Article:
(9) Drug screens for medical purposes must contain a standard which contains all drugs to be identified by the method used, or for which the laboratory reports, per each plate or run. The control must go through all phases of testing including extraction, unless technology that is more current has been approved by the Department. Positive qualitative tests must be confirmed by a quantitative method, if required or recommended by the manufacturer.

Rule 111-8-10-.13 Quality Control for Immunohematology

Those clinical laboratories which provide for the collection, processing or storage of human blood and its components shall provide methods for the selection of blood and component donors as well as for the collection, storage, processing and transfusion of blood and its components, and shall ensure that the blood and component donation will not be detrimental to the donor and also protect, as far as possible, the recipient of the human blood or any of its components from infectious disease known to be transmissible by blood. The methods used shall conform to the following:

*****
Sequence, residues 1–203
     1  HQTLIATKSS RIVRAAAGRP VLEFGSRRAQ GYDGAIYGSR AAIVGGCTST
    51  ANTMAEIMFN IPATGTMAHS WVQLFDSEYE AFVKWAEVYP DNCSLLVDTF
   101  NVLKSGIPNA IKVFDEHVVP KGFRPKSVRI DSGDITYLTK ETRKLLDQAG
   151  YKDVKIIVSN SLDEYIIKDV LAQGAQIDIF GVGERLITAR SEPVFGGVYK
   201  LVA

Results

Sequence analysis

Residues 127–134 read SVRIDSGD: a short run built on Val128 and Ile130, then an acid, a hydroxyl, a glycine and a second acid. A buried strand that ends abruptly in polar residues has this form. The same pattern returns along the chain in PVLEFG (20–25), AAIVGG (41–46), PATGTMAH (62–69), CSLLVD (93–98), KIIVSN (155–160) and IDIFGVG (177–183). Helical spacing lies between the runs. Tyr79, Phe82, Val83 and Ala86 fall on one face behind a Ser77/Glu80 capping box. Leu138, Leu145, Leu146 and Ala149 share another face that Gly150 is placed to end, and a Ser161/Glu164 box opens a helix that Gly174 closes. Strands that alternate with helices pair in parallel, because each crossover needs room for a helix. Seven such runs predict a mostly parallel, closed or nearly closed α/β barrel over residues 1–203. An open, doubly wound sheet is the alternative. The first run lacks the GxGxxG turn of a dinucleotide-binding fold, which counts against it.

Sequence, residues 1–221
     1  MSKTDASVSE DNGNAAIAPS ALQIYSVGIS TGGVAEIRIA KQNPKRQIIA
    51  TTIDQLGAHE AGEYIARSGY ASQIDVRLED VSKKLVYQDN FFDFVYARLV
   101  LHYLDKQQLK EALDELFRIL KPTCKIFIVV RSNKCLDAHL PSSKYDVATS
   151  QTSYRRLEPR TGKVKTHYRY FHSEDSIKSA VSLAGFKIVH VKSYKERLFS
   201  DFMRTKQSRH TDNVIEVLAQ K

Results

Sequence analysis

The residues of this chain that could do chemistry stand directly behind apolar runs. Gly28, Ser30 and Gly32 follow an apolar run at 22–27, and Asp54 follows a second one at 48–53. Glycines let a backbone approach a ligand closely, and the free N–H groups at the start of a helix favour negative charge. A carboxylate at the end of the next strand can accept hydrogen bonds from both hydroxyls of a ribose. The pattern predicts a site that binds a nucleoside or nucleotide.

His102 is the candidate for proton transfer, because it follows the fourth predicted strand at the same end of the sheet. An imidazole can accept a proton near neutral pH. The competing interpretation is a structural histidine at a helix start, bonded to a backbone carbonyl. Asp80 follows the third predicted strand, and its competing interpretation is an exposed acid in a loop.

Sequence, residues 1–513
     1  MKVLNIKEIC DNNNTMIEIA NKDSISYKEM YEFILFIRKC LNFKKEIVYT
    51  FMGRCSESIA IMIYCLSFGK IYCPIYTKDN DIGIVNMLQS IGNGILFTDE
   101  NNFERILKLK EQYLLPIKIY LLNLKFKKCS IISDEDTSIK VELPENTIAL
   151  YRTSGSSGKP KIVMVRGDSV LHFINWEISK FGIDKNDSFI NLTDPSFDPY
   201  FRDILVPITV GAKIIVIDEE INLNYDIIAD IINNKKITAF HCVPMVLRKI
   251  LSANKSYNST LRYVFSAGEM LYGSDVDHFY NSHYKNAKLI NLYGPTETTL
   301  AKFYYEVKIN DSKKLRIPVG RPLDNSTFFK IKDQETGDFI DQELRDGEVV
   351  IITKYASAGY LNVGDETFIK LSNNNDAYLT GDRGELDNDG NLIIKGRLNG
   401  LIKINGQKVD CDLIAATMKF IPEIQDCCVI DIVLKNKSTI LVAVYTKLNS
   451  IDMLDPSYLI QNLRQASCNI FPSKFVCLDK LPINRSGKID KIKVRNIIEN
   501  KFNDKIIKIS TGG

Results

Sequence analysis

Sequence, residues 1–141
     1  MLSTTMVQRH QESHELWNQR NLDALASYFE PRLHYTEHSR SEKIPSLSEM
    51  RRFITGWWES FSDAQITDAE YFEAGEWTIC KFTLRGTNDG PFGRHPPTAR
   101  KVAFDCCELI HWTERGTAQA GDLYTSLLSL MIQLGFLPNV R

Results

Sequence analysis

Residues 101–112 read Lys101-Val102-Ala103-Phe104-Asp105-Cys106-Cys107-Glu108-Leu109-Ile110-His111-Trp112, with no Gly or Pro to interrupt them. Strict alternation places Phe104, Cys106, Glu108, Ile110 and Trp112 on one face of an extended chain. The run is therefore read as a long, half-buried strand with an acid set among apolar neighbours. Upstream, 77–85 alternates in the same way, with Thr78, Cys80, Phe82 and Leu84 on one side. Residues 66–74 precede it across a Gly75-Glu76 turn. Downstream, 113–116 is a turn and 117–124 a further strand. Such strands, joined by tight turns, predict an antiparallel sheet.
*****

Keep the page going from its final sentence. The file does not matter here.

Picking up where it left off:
(a) Selection of donor:
1. On the day of donation, the donor shall be evaluated in order to protect the donor and the recipient of the donation. At a minimum, the following shall be used in the evaluation of the donor and records shall be retained.
2. The minimum age for donation is seventeen (17) years; the maximum age for a donor is left to the discretion of the director of the facility providing the donor is in good health.
3. Minimum weight for routine donation shall not be less than 110 lbs. (50 kg) with a maximum of 525 ml. of blood removed per donation; individuals weighing less than 110 lb. (50 kg) may donate relative to the volume collected; in this event, the volume of anticoagulant must be considered. Any recent unexplained weight loss (e.g., more than 4.5 gk. or 10 lbs) should be evaluated by the donor's physician.